The UMed course provides a four-year longitudinal curriculum, a continuous thread that integrates core principles of public and population health with direct participation in local, underserved community interventions. It is conceptually informed by Experiential Learning Theory, and engages course participants with community organizations to develop and evaluate health promotion and disease prevention projects. The course faculty utilizes a mixed methods approach to assess the students and to evaluate effectiveness of the course components.
PREREQUISITES AND PLACEMENT IN THE CURRICULUM:
Students selected through a competitive application process (considering supplemental essays, an in-person interview, and scoring of non-cognitive and cognitive qualifications prior to matriculation). Admission to UIC College of Medicine and acceptance of offer to join the UMED program.
M1 through M4 years (longitudinal 4 years)
Semesters during which course will be offered:
Throughout all four years of medical school, every student in the UMED program participates in: A Longitudinal Community Project, didactic seminars (M1 and M2); Online modules (M3-M4) comprising a four-credit experience. Two additional credits are represented by the 2 week, mandatory, full time, intensive Policy and Advocacy Forum for M4s only, an intensive capstone experience in public health policy and advocacy, which comprises the remainder of credit towards the total of 6 credit hours.
PURPOSE: Medical school graduates in the United States have historically not been well prepared to address the health care inequities found in urban, underserved communities. The University of Illinois at Chicago College of Medicine developed the UMED program in 2005 in order to prepare students for roles that impact on healthcare in underserved communities: as advocate, researcher, policy-maker and culturally-competent practitioner.
Relationship to the overall curriculum:
The course is consistent with the active learning principles infused into the current curriculum and emphasizes prior preparation, self-directed learning, active participation, and group collaboration and tangible work products with formative and summative feedback as a key component of learning and finally, course evaluation and redesign as a key principle of development and improvement of the course. It enhances the overall curriculum’s increasing focus on population medicine.
The outcome of the Urban Medicine Program experience should be that the student develops a relationship with a community through a prevention program, participates regularly in wellness or prevention activities that progressively lead to working with the organization in a program proposal and evaluation. A further expectation is continuation of the relationship year after year involving medical student underclassmen. The educational principles satisfied include experiential, self-directed and student-centered learning.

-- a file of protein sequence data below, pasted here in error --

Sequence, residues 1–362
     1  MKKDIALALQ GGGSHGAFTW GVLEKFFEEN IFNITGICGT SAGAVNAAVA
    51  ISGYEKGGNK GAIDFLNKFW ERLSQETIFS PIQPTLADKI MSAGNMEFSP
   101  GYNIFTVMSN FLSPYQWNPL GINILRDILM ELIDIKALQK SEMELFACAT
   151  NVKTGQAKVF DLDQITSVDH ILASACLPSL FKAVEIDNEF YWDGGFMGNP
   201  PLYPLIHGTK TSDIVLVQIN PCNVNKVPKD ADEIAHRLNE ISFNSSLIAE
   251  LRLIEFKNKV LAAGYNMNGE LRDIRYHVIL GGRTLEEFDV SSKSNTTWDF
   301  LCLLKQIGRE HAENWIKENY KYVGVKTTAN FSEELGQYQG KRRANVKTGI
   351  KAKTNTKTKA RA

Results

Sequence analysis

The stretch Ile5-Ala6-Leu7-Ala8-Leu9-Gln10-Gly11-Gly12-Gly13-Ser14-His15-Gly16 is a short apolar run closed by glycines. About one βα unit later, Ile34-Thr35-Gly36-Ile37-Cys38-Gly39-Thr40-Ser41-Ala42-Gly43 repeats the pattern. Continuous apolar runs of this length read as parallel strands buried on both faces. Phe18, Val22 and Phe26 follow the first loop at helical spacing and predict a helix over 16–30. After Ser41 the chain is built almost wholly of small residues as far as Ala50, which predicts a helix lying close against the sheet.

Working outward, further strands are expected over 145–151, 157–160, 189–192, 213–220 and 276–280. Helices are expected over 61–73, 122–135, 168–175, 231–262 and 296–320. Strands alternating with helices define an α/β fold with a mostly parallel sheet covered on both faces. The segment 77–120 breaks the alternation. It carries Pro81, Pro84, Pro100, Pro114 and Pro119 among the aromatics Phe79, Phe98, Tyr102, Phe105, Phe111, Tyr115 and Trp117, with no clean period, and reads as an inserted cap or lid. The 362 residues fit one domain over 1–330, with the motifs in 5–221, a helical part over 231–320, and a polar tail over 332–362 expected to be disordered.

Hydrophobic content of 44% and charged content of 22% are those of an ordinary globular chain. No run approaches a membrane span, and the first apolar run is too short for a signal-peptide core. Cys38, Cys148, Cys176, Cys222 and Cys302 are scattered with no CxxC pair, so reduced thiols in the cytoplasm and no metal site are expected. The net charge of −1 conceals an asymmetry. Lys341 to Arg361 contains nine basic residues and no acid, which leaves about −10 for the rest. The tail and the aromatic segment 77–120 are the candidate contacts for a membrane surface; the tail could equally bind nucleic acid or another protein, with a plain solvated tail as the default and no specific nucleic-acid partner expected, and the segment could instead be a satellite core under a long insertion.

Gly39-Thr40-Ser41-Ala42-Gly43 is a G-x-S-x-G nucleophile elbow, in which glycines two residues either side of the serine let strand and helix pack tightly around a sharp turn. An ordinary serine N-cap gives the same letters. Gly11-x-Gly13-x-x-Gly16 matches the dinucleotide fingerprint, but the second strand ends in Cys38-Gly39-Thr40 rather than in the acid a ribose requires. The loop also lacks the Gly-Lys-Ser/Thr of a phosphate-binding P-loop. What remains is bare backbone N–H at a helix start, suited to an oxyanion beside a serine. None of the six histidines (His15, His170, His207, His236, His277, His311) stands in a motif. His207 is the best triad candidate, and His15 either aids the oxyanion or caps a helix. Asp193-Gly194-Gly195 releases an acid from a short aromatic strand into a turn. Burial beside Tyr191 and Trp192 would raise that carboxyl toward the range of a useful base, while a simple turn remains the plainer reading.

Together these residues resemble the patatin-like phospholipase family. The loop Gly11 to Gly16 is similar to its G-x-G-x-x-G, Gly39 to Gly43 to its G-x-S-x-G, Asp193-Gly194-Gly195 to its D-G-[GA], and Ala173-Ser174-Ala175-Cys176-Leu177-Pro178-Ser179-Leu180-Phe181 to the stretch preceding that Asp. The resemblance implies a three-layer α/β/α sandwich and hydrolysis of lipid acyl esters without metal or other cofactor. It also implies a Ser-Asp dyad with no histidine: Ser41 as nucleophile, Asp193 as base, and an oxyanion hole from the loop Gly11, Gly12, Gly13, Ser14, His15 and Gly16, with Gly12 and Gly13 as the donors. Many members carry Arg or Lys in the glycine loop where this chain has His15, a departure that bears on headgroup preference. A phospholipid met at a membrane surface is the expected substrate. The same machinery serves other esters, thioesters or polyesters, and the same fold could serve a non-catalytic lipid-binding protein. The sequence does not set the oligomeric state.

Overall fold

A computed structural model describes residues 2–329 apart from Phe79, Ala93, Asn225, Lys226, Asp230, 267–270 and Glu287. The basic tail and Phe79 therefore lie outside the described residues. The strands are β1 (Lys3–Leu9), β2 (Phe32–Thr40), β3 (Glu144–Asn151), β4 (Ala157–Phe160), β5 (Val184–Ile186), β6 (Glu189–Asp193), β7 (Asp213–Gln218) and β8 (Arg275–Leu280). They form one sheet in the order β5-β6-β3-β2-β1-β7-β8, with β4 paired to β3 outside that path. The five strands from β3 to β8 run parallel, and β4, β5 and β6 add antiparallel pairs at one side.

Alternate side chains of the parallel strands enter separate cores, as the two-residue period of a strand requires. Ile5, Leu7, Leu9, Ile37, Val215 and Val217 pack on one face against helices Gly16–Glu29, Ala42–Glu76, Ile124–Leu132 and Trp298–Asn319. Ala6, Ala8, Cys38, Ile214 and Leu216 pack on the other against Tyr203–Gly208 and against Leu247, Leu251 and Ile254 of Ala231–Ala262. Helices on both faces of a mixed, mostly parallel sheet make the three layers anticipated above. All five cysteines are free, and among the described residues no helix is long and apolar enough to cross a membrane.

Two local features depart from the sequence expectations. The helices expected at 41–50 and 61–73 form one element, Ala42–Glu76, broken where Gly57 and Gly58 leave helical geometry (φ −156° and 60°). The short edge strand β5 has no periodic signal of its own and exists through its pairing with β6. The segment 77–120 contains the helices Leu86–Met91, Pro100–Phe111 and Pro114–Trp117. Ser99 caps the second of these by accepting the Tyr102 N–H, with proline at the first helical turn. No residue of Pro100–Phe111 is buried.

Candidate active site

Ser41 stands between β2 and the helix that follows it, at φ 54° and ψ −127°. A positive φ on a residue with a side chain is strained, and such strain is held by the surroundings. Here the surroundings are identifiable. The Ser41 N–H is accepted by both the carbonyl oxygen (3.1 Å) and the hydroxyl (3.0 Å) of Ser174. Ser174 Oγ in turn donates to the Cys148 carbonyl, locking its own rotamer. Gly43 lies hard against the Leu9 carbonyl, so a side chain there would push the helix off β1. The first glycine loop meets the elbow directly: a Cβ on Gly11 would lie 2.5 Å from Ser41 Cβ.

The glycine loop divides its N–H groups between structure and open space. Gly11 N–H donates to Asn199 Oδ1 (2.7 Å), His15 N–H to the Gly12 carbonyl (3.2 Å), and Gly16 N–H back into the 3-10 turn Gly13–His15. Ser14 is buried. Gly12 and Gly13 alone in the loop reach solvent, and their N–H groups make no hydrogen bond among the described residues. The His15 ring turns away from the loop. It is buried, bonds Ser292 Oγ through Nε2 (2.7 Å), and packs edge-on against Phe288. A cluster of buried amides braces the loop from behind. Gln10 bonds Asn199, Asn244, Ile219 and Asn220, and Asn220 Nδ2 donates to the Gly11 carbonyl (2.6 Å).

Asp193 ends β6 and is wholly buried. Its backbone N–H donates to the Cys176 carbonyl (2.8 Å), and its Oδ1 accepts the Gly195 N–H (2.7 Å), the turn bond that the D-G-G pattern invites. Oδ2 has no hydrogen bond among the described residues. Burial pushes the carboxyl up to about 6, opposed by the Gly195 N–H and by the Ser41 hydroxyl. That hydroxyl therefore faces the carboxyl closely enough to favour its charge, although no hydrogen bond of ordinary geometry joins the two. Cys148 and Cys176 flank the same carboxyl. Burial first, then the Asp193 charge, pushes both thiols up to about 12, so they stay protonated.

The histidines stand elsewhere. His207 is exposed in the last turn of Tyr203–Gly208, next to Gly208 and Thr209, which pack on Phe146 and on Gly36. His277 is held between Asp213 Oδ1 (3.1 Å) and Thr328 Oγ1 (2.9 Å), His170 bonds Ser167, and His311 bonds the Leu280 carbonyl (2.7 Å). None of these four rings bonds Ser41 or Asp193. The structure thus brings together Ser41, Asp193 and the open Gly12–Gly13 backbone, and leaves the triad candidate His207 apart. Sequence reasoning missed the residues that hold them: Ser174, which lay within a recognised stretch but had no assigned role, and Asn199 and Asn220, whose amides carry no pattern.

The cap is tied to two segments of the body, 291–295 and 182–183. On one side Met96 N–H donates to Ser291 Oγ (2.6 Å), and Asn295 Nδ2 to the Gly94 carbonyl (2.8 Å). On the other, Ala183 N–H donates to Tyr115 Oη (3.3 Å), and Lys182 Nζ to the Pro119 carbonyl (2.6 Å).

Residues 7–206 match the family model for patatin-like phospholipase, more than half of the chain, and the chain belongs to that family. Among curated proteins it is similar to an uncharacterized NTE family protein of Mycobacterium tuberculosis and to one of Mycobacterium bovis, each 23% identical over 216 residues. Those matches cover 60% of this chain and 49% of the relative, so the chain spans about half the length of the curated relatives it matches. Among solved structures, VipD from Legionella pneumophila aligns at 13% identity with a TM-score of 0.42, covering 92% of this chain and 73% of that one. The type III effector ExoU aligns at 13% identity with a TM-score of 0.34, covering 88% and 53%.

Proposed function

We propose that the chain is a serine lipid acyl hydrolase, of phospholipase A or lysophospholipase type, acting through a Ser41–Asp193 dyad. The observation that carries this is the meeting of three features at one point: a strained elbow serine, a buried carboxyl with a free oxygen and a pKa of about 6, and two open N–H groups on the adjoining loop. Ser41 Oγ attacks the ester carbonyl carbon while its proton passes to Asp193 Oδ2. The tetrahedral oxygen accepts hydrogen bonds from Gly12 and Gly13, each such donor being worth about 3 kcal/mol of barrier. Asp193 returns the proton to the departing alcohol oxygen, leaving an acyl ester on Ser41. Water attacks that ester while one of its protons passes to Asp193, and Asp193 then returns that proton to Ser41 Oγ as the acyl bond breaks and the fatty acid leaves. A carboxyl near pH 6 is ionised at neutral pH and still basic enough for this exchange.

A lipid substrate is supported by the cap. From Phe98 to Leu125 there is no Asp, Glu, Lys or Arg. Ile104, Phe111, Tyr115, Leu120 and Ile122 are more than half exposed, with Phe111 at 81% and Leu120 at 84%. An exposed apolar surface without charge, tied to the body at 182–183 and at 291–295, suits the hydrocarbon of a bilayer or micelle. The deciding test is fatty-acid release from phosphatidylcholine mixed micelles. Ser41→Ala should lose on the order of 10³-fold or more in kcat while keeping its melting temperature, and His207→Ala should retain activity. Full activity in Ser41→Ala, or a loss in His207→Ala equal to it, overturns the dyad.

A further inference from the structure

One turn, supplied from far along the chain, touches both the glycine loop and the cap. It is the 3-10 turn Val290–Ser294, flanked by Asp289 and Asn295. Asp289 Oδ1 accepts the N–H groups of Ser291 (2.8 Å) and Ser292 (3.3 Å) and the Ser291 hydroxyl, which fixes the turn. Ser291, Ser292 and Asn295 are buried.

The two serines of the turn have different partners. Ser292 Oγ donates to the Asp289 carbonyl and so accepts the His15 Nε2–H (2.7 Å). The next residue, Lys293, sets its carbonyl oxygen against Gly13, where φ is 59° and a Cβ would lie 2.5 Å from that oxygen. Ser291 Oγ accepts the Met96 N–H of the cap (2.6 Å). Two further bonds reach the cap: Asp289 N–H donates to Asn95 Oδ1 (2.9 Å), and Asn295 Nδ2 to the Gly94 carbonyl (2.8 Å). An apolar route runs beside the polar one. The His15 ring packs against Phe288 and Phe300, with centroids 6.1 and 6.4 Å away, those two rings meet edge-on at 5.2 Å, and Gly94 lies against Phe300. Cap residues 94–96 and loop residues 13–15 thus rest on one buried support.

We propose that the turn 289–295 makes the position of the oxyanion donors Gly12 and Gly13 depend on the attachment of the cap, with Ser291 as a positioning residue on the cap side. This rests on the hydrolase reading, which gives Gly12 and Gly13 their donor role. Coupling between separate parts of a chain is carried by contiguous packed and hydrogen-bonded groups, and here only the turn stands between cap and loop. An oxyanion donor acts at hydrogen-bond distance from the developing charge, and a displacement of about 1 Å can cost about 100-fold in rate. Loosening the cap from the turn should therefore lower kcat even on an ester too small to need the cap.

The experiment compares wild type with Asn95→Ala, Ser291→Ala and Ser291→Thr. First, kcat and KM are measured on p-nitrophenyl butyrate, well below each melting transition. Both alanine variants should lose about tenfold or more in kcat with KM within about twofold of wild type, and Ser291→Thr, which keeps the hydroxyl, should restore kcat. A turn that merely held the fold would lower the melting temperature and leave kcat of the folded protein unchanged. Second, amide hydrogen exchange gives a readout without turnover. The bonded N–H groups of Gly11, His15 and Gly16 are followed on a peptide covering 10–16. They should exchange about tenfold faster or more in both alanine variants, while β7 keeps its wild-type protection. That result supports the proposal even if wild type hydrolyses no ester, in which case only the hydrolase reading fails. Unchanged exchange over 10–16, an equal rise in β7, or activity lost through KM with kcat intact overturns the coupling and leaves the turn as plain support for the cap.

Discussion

Students develop the skill to write a project proposal consisting of a needs assessment, opportunities and threats analysis, program description and rationale, strengths and weaknesses analysis, implementation and maintenance description, evaluation measures of process and goals, and evaluation conclusions.
The course spans the entire 4 years as a longitudinal learning community experience and includes a 2 week full time component in the senior year – the UMED Policy and Advocacy Forum (non–clinical elective, no call or weekend scheduled responsibilities.)
ASSESSMENT: (Course is Pass/Fail) Students may leave the program without credit prior to the M4 year as described above. Fail would be determined on the basis of the final paper. Consideration of Fail (summative assessment of the final paper) would be made on an individual basis after a grace period of probation and remediation with respect to the final paper expectations.
Minimum/maximum students accepted: 24 students each year – for a total of 96 students at a time in the program
Jorge Girotti, PhD (Director of the Program), Joanna Michel PhD (Associate Director), and Gary Loy MD, MPH (Curriculum advisor and former Co-Director) oversee the curriculum, provide direct instruction, and coordinate guest faculty from within the UIC faculty roster (School of Medicine, School of Public Health, Allied Health Sciences, outside universities and from the community).
Duration of Elective: 4 years (Longitudinal)
Night Call: none
Weekends: dependent on project
# of Students Accepted: 24/year
Housestaff Used as Faculty: No
Total Hours /Week: variable due to longitudinal nature
Number of hours per week, and Lectures/Conferences/Faculty Contact: Variable
Independent Study: component of every instructional activity
Inpatient: Outpatient: No patient experience required